Thrash metal generally features fast tempos, low-register, complex guitar riffs, high-register guitar solos and double bass drumming. The genre evolved in the early 1980s from combining the drum beats of hardcore punk with the guitar style of the new wave of British heavy metal. It emerged partially as a reaction to the more conventional and widely acceptable glam metal, a less aggressive, pop-infused heavy metal subgenre which appeared simultaneously. The rhythm guitar parts are played with heavy distortion and often palm muted to create a tighter and more precise sound. Vocally, thrash metal can employ anything from melodic singing to shouted vocals. Most guitar solos are played at high speed, as they are usually characterized by shredding, and use techniques such as sweep picking, legato phrasing, alternate picking, tremolo picking, string skipping, and two-hand tapping.
The guitar riffs often use chromatic scales and emphasize the tritone and diminished intervals, instead of using conventional single scale based riffing. For example, the intro riff of Metallica's "Master of Puppets" (the title track of the namesake album) is a chromatic descent, followed by a chromatic ascent based on the tritone.
Speed, pacing and time-changes also define thrash metal. Thrash tends to have an accelerating feel which may be due in large part to its aggressive drumming style. For example, drummers often use two bass drums, or a double-bass pedal, in order to create a relentless, driving beat. Cymbal stops/chokes are often used to transition from one riff to another or to precede an acceleration in tempo. Some common characteristics of the genre are fast guitar riffs with aggressive picking styles and fast guitar solos, and extensive use of two bass drums as opposed to the conventional use of only one, typical of most rock music.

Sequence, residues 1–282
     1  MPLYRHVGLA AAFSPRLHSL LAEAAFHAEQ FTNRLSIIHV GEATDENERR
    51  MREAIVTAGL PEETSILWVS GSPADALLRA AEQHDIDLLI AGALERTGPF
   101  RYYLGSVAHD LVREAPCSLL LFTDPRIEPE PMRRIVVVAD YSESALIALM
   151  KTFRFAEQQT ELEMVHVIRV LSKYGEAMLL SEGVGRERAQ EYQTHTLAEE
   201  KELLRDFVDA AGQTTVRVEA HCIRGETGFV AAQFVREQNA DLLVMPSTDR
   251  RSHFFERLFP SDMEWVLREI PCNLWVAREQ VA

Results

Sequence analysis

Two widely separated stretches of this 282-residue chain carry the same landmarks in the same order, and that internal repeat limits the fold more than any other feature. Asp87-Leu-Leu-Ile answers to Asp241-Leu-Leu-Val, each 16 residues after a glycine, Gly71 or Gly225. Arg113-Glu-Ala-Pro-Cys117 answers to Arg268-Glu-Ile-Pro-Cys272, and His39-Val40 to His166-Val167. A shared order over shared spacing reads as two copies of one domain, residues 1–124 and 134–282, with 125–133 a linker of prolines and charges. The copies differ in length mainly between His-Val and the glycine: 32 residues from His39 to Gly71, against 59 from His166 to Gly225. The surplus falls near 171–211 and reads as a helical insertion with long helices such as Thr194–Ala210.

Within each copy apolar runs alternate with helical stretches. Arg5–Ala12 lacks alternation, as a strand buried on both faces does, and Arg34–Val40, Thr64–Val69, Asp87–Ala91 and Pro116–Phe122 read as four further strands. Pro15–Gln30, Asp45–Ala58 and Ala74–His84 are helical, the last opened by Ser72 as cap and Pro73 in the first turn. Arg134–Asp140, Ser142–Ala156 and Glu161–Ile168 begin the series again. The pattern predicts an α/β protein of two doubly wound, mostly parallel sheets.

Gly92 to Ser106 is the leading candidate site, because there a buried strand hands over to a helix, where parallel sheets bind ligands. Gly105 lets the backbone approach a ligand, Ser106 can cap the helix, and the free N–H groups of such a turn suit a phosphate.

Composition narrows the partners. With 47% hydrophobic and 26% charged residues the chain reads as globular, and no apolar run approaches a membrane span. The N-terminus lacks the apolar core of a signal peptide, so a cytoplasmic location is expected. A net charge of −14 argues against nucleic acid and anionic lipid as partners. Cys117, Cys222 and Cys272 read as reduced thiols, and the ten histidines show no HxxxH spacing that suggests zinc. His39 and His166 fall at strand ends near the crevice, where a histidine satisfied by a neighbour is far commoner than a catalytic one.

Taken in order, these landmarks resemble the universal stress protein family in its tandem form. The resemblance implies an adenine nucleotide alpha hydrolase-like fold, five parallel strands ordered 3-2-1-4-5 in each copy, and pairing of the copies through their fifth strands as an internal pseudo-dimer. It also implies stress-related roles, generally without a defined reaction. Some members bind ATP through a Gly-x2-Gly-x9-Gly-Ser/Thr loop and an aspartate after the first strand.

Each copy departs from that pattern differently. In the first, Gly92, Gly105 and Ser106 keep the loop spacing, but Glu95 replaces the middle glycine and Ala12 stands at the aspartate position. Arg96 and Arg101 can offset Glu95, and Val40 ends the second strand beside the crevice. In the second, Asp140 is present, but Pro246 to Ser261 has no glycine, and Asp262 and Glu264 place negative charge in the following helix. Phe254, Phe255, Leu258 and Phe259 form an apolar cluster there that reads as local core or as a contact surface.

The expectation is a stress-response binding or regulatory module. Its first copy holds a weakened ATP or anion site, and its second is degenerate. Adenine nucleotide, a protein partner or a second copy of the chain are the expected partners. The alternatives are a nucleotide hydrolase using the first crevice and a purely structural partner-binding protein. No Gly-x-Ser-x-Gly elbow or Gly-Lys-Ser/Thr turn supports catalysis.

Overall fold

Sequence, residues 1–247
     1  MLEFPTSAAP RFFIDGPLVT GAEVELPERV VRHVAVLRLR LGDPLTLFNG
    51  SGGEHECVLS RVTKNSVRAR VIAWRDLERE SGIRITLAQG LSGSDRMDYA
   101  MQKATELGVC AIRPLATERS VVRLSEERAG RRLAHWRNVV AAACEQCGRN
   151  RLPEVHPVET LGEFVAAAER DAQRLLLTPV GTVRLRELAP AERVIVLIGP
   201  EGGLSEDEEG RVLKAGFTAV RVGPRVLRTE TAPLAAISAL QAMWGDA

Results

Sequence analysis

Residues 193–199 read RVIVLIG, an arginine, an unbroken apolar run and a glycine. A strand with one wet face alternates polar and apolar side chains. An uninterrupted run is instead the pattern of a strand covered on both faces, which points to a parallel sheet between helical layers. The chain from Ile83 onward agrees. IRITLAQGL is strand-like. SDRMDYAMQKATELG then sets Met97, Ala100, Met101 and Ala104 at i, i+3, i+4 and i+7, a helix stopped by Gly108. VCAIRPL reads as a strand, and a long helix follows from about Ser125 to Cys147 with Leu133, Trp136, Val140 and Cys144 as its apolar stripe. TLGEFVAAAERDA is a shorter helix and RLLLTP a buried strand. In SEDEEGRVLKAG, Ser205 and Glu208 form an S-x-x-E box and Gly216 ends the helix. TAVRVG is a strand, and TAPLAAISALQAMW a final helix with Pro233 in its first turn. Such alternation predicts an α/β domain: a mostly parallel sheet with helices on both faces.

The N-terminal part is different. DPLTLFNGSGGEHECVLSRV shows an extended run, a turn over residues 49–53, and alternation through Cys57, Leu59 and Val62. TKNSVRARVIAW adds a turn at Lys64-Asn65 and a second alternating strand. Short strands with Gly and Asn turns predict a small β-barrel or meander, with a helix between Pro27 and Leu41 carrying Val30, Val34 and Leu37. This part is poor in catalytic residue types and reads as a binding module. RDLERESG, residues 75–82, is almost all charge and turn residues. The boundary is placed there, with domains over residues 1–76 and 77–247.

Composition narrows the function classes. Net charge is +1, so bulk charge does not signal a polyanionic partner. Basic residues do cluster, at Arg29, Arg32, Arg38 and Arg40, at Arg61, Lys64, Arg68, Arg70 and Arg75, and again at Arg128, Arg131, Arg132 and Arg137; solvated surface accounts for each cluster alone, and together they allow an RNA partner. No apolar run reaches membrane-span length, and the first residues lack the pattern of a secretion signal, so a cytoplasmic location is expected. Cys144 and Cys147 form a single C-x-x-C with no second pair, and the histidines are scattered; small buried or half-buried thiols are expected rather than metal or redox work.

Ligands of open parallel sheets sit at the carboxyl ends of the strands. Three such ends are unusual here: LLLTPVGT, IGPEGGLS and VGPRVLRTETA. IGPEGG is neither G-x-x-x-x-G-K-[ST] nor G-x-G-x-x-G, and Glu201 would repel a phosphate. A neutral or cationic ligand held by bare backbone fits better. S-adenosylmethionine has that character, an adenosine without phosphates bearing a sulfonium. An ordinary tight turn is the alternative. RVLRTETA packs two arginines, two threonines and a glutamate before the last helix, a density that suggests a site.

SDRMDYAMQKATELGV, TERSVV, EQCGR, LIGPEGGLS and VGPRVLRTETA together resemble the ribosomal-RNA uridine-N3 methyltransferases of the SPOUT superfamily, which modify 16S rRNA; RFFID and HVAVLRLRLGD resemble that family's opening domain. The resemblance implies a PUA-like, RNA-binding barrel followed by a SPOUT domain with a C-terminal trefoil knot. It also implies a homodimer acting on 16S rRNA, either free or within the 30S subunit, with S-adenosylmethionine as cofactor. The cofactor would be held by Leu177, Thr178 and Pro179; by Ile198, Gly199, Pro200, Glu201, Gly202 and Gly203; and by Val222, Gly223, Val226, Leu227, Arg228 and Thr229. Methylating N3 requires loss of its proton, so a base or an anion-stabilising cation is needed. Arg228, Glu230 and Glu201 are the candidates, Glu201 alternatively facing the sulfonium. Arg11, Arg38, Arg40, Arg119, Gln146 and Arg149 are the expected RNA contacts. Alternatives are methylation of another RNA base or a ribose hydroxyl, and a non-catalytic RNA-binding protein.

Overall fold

To keep up with the other instruments, many bassists use a plectrum. However, some prominent thrash metal bassists have used their fingers, such as Frank Bello, Greg Christian, Steve DiGiorgio, Robert Trujillo and Cliff Burton. Several bassists use a distorted bass tone, an approach popularized by Burton and Motörhead's Lemmy. Lyrical themes in thrash metal include warfare, corruption, injustice, murder, suicide, isolation, alienation, addiction, and other maladies that afflict the individual and society. In addition, politics, particularly pessimism and dissatisfaction towards politics, are common themes among thrash metal bands. Humor and irony can occasionally be found (Anthrax for example), but they are limited, and are exception rather than a rule.